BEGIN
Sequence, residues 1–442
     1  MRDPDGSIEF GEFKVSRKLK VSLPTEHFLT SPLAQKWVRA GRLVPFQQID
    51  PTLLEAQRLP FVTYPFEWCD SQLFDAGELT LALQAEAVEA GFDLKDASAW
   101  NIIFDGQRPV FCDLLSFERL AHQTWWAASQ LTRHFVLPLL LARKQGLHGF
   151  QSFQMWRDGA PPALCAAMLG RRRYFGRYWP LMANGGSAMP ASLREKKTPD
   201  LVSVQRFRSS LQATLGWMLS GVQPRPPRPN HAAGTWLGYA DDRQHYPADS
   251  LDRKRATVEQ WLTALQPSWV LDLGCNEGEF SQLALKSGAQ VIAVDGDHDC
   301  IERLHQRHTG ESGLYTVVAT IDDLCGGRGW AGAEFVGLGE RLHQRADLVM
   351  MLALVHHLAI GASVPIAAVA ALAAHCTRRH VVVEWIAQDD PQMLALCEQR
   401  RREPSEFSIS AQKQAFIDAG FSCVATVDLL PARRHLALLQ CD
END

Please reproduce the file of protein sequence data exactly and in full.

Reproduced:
Sequence, residues 1–442
     1  MRDPDGSIEF GEFKVSRKLK VSLPTEHFLT SPLAQKWVRA GRLVPFQQID
    51  PTLLEAQRLP FVTYPFEWCD SQLFDAGELT LALQAEAVEA GFDLKDASAW
   101  NIIFDGQRPV FCDLLSFERL AHQTWWAASQ LTRHFVLPLL LARKQGLHGF
   151  QSFQMWRDGA PPALCAAMLG RRRYFGRYWP LMANGGSAMP ASLREKKTPD
   201  LVSVQRFRSS LQATLGWMLS GVQPRPPRPN HAAGTWLGYA DDRQHYPADS
   251  LDRKRATVEQ WLTALQPSWV LDLGCNEGEF SQLALKSGAQ VIAVDGDHDC
   301  IERLHQRHTG ESGLYTVVAT IDDLCGGRGW AGAEFVGLGE RLHQRADLVM
   351  MLALVHHLAI GASVPIAAVA ALAAHCTRRH VVVEWIAQDD PQMLALCEQR
   401  RREPSEFSIS AQKQAFIDAG FSCVATVDLL PARRHLALLQ CD